Friday, July 23, 2010

Penicillin's "GREAT DEPRESSION" finally ends Oct16/40

She finally got a decent job, a real job,a permanent job, on that day in a small green room in New York City - and she has never really looked back.

For her, the nightmare of Les Douze Ans Perdu (The Twelve Years Lost), were finally over.

In relation to this seachange for Ms penicillin, the nicest thing I have found anyone ever said about Martin Henry Dawson was said, ironically, by one of his fiercest opponents.

Dr Stanhope Bayne-Jones and Dawson had clashed in 1939 at an important medical meeting, over the etiology of one variant of rat bite fever.

Things like this happen all the time - the best don't hold grudges, but Bayne-Jones did and more importantly, he was in 1941 a very big somebody in the nexus of academic-military-governmental medical affairs of an American nation about to go to war.

So in July 1941, when Howard Florey, desperately worried that Dawson was about to beat him to the laurels for penicillin ( Dawson was not competing with Florey - he was trying his darnest to help Florey, but Florey was nothing if not paranoid), asked Bayne-Jones about Dawson's reputation, he got an earful.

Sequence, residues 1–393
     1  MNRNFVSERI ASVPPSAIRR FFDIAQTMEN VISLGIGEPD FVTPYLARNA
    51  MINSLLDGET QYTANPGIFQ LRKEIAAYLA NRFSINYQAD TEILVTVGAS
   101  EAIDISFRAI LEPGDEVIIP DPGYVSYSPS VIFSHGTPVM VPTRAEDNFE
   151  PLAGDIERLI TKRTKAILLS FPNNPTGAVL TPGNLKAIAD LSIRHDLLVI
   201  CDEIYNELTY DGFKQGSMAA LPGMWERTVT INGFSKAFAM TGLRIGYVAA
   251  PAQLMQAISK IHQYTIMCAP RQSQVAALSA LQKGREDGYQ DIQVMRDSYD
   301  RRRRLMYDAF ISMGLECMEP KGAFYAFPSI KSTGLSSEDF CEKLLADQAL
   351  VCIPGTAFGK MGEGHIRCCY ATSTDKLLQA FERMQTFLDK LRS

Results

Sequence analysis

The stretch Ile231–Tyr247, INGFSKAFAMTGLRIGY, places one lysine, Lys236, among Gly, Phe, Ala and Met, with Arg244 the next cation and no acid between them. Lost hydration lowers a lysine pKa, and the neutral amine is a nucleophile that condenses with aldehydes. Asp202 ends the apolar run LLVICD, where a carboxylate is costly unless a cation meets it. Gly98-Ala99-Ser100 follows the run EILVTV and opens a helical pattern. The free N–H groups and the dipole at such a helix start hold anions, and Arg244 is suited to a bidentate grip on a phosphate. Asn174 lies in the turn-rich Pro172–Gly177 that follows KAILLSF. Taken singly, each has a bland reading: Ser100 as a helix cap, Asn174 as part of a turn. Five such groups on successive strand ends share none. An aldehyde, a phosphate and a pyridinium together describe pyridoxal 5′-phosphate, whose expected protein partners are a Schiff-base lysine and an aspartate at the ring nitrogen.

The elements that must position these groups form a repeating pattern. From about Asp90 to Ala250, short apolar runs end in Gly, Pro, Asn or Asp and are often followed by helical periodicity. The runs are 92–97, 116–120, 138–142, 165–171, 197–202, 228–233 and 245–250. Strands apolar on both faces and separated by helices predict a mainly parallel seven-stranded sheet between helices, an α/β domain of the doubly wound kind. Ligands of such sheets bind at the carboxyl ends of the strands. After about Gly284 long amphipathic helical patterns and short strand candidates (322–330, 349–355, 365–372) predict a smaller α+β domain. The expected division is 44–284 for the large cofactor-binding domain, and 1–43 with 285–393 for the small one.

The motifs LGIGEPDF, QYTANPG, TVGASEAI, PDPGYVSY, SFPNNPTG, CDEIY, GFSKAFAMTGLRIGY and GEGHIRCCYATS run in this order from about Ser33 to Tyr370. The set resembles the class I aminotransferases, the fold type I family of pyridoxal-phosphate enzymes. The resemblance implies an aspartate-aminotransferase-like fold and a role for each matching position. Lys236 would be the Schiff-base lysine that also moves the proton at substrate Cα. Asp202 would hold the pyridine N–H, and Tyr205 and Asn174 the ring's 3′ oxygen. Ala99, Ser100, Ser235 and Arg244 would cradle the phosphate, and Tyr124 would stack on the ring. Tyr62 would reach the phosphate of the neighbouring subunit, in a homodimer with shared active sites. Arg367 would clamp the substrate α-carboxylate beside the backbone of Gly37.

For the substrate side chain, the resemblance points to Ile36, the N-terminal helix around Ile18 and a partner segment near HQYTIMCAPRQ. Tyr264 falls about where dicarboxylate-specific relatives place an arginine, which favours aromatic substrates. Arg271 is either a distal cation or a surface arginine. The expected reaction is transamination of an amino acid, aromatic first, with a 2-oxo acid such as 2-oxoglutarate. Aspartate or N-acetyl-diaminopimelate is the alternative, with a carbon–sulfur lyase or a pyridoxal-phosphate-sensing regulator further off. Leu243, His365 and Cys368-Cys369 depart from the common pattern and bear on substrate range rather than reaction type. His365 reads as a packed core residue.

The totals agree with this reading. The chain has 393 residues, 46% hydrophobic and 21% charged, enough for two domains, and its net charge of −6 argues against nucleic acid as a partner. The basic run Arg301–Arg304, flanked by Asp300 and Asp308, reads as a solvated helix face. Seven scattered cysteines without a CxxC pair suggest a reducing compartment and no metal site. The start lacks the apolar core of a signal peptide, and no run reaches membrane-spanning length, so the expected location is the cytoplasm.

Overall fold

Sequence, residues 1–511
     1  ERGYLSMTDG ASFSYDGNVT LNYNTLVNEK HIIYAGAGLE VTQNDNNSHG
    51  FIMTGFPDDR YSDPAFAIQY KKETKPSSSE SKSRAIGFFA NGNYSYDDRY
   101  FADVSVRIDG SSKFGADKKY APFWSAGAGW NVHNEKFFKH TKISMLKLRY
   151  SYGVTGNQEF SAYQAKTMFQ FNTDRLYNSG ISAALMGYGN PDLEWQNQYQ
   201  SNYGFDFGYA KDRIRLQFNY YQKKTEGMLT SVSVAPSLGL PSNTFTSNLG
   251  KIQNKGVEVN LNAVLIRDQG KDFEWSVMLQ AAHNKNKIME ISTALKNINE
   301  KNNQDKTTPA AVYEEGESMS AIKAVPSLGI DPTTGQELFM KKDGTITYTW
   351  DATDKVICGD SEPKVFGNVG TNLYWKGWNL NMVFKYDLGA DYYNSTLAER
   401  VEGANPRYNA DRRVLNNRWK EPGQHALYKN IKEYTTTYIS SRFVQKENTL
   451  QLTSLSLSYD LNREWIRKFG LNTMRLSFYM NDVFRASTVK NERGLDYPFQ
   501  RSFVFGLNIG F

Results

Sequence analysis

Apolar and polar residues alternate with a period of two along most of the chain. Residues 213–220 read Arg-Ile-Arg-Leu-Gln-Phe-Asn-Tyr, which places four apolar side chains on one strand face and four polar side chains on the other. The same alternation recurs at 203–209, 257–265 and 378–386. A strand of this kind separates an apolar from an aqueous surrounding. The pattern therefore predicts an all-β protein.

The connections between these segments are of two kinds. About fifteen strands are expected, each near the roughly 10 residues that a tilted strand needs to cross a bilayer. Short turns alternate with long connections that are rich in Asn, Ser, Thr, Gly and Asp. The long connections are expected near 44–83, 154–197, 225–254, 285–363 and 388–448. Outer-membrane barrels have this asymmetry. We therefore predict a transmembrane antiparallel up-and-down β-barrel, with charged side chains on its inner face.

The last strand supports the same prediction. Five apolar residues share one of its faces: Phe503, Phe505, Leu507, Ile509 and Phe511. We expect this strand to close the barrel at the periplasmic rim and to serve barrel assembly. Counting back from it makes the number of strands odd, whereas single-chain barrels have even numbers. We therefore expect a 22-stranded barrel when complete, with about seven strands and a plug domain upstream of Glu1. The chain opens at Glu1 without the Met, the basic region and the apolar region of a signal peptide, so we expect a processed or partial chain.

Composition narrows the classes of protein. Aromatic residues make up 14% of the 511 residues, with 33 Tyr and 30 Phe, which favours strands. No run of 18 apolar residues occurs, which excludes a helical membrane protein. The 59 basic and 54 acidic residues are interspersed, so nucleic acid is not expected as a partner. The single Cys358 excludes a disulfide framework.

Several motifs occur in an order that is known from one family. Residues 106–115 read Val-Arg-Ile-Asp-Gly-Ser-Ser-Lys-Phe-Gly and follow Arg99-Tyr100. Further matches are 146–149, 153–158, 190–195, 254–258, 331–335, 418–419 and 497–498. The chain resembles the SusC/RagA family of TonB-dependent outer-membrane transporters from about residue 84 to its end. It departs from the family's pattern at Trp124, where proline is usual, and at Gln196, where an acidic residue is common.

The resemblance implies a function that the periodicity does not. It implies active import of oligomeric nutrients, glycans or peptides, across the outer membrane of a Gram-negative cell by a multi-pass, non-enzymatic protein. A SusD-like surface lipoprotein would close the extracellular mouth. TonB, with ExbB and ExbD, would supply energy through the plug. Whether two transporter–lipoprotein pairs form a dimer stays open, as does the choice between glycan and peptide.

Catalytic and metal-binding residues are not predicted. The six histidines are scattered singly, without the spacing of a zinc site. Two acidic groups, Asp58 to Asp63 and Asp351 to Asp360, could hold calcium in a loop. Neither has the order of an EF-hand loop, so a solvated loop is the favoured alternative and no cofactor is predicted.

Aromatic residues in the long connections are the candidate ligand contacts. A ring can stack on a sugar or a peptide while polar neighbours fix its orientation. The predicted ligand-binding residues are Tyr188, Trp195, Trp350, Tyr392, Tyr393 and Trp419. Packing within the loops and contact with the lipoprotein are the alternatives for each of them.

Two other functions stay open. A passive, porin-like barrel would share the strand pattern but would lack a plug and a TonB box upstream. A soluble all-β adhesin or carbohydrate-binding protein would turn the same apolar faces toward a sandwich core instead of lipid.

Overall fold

In strictest confidence Bayne-Jones confided, the guy is is quite honest, but "uncritically enthusiastic".

There are no worse words to hear for the sort of practical,sober,sensible men who end up as science administrators --- people like Florey and Bayne-Jones.

Penicillin, by contrast, loved those words.

For twelve long cold years, she had languished in the custody of sensible practical men.

Many had looked her over carefully, as if she was a possible choice of a new race horse , her good and bad points carefully and thoughtfully weighed but in the end, never once invited to the Meet.

Finally she had met a guy, with a lot of faults of his own, but someone who loved her unreservedly, despite of all her many downsides.

On the human side of things, he already had a wive and kids, and penicillin was far from being his only beau in science.

He had given his heart just as unreservedly to HGT & Quorum Sensing,  at a time when all the practical men dismissed it as just another laboratory oddity.

But what penicillin so badly needed right then was a little walk on the bad side, with a wild man and a fool, someone who drove too fast and loved too hard.

Any every once in a while, unlikely as it seems, the normally cautious Dawson threw off all traces and just 'went for it'.

His caution was frequently reserved most strongly for the fashionable verities of the day, and he was just as willing to champion an unfashionable idea if he felt it had merit , as he was to criticize an idea held up by all the authorities of the day as worthy of attention.

"Martin Henry Dawson: "Uncritically enthusiastic" for DNA & Penicillin, at a time when all the sensible authorities dismissed them"

I like it - it seems a suitable epitaph ...

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